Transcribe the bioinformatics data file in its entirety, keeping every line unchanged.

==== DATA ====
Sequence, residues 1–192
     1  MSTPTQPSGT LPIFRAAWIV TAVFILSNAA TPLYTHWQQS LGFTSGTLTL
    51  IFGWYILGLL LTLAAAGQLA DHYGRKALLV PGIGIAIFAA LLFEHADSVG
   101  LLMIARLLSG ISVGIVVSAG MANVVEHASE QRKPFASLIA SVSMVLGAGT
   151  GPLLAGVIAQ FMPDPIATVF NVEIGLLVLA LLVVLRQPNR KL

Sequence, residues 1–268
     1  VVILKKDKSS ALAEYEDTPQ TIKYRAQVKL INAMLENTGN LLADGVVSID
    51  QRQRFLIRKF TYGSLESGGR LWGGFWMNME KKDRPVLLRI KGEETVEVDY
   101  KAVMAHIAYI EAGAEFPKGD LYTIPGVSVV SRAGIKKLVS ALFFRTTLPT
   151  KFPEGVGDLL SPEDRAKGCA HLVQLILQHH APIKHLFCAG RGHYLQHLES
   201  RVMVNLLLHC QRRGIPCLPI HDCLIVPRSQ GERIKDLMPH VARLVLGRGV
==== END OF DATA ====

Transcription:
Sequence, residues 1–192
     1  MSTPTQPSGT LPIFRAAWIV TAVFILSNAA TPLYTHWQQS LGFTSGTLTL
    51  IFGWYILGLL LTLAAAGQLA DHYGRKALLV PGIGIAIFAA LLFEHADSVG
   101  LLMIARLLSG ISVGIVVSAG MANVVEHASE QRKPFASLIA SVSMVLGAGT
   151  GPLLAGVIAQ FMPDPIATVF NVEIGLLVLA LLVVLRQPNR KL

Sequence, residues 1–268
     1  VVILKKDKSS ALAEYEDTPQ TIKYRAQVKL INAMLENTGN LLADGVVSID
    51  QRQRFLIRKF TYGSLESGGR LWGGFWMNME KKDRPVLLRI KGEETVEVDY
   101  KAVMAHIAYI EAGAEFPKGD LYTIPGVSVV SRAGIKKLVS ALFFRTTLPT
   151  KFPEGVGDLL SPEDRAKGCA HLVQLILQHH APIKHLFCAG RGHYLQHLES
   201  RVMVNLLLHC QRRGIPCLPI HDCLIVPRSQ GERIKDLMPH VARLVLGRGV